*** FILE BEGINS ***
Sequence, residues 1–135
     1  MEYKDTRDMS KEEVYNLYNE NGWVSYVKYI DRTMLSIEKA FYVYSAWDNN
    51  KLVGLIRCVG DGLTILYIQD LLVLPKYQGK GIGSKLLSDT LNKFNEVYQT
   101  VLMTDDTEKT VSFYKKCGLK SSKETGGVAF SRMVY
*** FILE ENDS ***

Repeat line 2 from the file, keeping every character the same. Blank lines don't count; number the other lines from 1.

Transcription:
     1  MEYKDTRDMS KEEVYNLYNE NGWVSYVKYI DRTMLSIEKA FYVYSAWDNN